I do like the stripes and am loving the “fencing” around the neck and the diagonal work and pleats at the hem – I think both are cleverly cut.
I like the colour scheme too. But I am SO struggling with the sleeves. Perhaps they would look better on, and with some other “magenta” accessories, like a hat or bag.
Thank you for these rate the dress posts, I really like them
I am giving a bit of leeway to the diagonal stripes in the hem panels that don’t quite flow, even the sad matching of the bias strip at the side. I am amazed by the preservation of this gown; silk is notorious for shattering in old garments, so this one must have been very carefully cared for and archived.
The silk shattering you are thinking of is actually something that is more likely to happen in more recent garments (starting in about the 1840s and ending in the 1940s). It is primarily because silks were sold by weight, so less-than-honest silk manufacturers made them weigh more by processing and dyeing them with added metal. This did make the fabric weigh more, but also made it more fragile as the heavy metals would eat away at the proteins of the silks, making them friable. Silks dyed black were particularly susceptible, as the black dye also weakened the fabric.
That’s why, for example, there are 1840s dresses made from 1720s silks that are still in amazing condition – earlier silks were simply better quality.
Silk also goes brittle if exposed to too much light, but this generally only happens to garments that are on display for extended periods of time.
I really like it. It is bold and interesting, not lacy and tizzy, and I like the colours together – and I am assuming I think safely that all kinds of fading has altered the balance of the various purples, given how unstable blue based colours are for fading.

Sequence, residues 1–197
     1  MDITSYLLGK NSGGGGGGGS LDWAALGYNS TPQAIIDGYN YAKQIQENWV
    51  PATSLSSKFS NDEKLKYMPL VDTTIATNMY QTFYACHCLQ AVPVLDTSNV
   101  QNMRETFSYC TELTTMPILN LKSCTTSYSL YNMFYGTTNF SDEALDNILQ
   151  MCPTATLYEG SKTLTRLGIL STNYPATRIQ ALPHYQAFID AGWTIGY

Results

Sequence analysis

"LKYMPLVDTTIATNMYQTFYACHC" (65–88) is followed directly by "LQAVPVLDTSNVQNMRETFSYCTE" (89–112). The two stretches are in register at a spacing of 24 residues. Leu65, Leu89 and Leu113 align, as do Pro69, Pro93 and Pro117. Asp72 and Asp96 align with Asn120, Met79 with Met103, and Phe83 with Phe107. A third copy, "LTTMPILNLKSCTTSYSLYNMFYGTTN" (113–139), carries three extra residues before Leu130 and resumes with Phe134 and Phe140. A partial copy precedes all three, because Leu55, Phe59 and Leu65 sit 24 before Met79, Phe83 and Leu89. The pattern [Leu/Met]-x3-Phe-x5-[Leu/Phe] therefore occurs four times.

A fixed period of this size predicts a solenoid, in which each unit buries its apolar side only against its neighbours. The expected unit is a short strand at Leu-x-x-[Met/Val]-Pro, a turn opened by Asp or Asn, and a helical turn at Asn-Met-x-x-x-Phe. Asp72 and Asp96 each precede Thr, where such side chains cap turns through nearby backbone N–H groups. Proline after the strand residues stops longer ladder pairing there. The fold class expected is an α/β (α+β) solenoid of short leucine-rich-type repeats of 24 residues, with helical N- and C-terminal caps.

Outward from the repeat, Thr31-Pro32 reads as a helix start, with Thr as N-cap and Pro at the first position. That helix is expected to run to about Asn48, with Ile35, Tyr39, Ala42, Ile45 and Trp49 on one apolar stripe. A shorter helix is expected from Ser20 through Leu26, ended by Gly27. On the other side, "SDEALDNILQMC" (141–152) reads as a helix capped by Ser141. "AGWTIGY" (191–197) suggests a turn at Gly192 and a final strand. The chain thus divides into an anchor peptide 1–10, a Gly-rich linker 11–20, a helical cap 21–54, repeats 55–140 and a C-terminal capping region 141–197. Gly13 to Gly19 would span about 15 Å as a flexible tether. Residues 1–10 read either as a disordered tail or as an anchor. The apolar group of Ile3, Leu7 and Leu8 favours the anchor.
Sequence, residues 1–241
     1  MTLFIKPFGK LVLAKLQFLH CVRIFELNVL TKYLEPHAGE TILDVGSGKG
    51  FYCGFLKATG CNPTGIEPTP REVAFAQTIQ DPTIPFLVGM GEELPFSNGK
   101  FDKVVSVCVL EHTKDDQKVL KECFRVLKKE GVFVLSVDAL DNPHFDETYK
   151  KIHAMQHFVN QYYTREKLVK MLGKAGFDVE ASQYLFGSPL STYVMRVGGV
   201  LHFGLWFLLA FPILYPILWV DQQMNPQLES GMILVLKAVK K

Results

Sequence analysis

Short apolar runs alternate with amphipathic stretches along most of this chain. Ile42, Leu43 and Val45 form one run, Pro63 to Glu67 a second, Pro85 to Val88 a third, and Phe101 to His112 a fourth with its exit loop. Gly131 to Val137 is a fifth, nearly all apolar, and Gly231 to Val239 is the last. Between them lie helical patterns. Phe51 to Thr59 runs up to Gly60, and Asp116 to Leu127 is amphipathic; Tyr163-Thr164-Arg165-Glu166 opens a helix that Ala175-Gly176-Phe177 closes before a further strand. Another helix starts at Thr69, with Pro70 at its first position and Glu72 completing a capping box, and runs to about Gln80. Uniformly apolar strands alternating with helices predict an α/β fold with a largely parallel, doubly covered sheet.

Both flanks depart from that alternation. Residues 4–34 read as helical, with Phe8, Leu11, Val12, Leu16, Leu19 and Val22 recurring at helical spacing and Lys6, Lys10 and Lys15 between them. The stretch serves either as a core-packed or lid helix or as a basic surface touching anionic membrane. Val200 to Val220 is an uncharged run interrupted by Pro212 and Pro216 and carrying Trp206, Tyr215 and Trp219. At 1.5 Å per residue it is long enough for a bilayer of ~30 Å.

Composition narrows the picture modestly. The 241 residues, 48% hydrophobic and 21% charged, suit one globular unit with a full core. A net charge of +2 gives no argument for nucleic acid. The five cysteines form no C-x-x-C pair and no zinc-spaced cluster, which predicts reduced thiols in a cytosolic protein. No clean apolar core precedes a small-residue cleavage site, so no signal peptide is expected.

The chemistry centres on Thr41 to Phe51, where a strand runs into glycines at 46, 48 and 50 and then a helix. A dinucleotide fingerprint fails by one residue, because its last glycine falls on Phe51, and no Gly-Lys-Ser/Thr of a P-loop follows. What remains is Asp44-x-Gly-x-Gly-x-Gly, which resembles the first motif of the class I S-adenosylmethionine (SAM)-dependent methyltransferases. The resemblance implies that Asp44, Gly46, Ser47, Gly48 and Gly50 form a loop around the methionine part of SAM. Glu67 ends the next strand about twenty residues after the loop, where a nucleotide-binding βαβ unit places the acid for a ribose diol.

I would love to see it on a person or a full mannequin, accessorised, but I just know it would come right.
I love the clever panels in the skirt – the maker cleverly lined up all of the vertical stripes so the diagonal insets look like they are interrupting a full skirt. SO effective. And I adore the neck line detail.
Yes it is quite busy, but I don’t think that is crime in a time when women were dressing to be noticed.
I give it a 9.
I don’t think we can adequately assess the sleeves without seeing them on a person. The color of that gauze would be strongly affected by the arm color of the person wearing it. If it were on a fair-skinned Caucasian woman, the sleeves would be rather more pale than they appear here, which might improve the rating from folks who find them too much for the rest of the dress.
9 I think it’s beautiful and I would make it, or a variant of it.
I think the sleeves are too dark in comparison to the rest of the dress, which is a shame. I also don’t like the diagonal stripes on the hem area of the dress; it would have been better without them. Other than that I rather like it, simple and elegant 8/10
Now I normally don’t mind the 1820s but oh the diagonal stripes around the hem… yucky! It makes it look like the wearer is listing to the left (probably not helped by the presentation), and with that in mind, even though the fabric ought to be quite lovely, all I can see is stained old T-shirts on beery, gutted men with brick-tans, moustaches and too-small shorts. It’s the VB dress?
I’m fairly sure if it was plainer I wouldn’t dislike it anywhere near so vehemently, but as it is,
Deduct one point for the lackluster presentation, half a point for the odd treatment at the neckline, and half a point for the fact that the sleeves are the only real contrast. That said, it’s pretty. 8/10